When Small-Cap Value Has Outpaced Small-Cap Growth by a Large Spread (7%) over Six Months, Value’s Outperformance Often Continued.
Monthly Rolling Subsequent One- and Three-Year Russell 2000 Value Performance Following a High Six-Month Return Spread From 12/31/78 through 3/31/21

Value vs. Growth

Past performance is no guarantee of future results.

Based on this historical pattern, the recent burst of small-cap value outperformance looks less like the end of a trend and more like the beginning of a long-term—and long-awaited—leadership phase.


To answer the initial question, because of the current phase of the economic cycle, the compositional differences between value and growth, the extreme spread in relative valuation, and the historical pattern of trend persistence after large spreads in value outperformance, yes, we think that small cap value will continue to lead.



Important Disclosure Information

Mr. Lipper’s thoughts and opinions concerning the stock market are solely their own and, of course, there can be no assurance with regard to future market movements. No assurance can be given that the past performance trends as outlined above will continue in the future.

The performance data and trends outlined in this presentation are presented for illustrative purposes only. Past performance is no guarantee of future results. Historical market trends are not necessarily indicative of future market movements.

Sector weightings are determined using the Global Industry Classification Standard ("GICS"). GICS was developed by, and is the exclusive property of, Standard & Poor's Financial Services LLC ("S&P") and MSCI Inc. ("MSCI"). GICS is the trademark of S&P and MSCI. "Global Industry Classification Standard (GICS)" and "GICS Direct" are service marks of S&P and MSCI.

Cyclical and Defensive are defined as follows: Cyclical: Communication Services, Consumer Discretionary, Energy, Financials, Industrials, Information Technology, and Materials. Defensive: Consumer Staples, Health Care, Real Estate, Utilities.

Frank Russell Company (“Russell”) is the source and owner of the trademarks, service marks and copyrights related to the Russell Indexes. Russell® is a trademark of Frank Russell Company. Neither Russell nor its licensors accept any liability for any errors or omissions in the Russell Indexes and / or Russell ratings or underlying data and no party may rely on any Russell Indexes and / or Russell ratings and / or underlying data contained in this communication. No further distribution of Russell Data is permitted without Russell’s express written consent. Russell does not promote, sponsor or endorse the content of this communication. All indexes referenced are unmanaged and capitalization-weighted. The Russell 2000 Pure Value Index is an unmanaged index composed of securities with strong value characteristics selected from the Russell 2000 Index. Securities are weighted based on their style score. For the Russell 2000 Pure Value and Pure Growth Indexes all performance presented prior to the index inception on April 7, 2015 is back-tested performance. Back-tested performance is not actual performance, but is hypothetical. The back-test calculations are based on the same methodology that was in effect when the index was officially launched. However, back-tested data may reflect the application of the index methodology with the benefit of hindsight, and the historic calculations of an index may change from month to month based on revisions to the underlying economic data used in the calculation of the index. The Russell 2000 Pure Growth Index is an unmanaged index composed of securities with strong growth characteristics selected from the Russell 2000 Index. Securities are weighted based on their style score. The Russell 2000 Value and Growth indexes consist of the respective value and growth stocks within the Russell 2000 as determined by Russell Investments. The performance of an index does not represent exactly any particular investment, as you cannot invest directly in an index.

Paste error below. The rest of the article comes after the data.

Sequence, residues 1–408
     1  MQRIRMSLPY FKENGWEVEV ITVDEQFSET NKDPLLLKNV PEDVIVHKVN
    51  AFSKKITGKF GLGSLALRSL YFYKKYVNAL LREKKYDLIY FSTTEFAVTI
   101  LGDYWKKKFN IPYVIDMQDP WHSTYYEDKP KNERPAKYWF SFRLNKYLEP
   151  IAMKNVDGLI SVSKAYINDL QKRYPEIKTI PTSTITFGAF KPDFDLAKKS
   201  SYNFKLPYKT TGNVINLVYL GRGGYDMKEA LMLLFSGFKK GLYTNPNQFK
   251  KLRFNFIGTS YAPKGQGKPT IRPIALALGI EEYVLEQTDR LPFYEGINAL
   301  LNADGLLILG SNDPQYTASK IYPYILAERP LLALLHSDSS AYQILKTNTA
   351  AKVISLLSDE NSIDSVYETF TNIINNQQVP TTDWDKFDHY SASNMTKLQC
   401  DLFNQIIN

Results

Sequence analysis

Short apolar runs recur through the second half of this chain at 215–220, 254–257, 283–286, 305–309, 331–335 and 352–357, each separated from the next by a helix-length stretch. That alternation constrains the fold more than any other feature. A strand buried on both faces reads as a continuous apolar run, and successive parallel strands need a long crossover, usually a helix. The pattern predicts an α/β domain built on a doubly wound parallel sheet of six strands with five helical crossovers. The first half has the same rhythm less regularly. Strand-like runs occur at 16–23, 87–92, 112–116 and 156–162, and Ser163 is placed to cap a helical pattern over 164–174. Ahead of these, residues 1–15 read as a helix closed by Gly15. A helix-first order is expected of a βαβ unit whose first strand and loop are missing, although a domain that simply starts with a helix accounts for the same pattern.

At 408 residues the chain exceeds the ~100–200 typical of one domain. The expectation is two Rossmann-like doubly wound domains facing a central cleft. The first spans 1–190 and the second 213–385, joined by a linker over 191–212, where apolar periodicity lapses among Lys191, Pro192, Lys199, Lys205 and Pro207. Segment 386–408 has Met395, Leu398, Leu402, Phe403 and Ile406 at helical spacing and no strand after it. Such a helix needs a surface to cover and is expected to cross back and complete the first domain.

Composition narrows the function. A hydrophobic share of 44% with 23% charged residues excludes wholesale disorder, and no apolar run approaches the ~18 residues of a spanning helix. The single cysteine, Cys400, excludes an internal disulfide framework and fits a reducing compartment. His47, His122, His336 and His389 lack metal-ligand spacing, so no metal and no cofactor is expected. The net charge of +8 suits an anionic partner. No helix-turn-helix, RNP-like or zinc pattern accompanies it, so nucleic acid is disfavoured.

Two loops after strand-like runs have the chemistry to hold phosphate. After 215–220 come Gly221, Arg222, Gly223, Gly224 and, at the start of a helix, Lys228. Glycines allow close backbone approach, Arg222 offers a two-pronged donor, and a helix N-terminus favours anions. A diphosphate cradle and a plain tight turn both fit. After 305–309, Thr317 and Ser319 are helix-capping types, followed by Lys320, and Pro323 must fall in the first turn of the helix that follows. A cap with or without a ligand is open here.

This material is not authorized for distribution unless preceded or accompanied by a current prospectus. Please read the prospectus carefully before investing or sending money. Smaller-cap stocks may involve considerably more risk than larger-cap stocks. (Please see "Primary Risks for Fund Investors" in the prospectus.)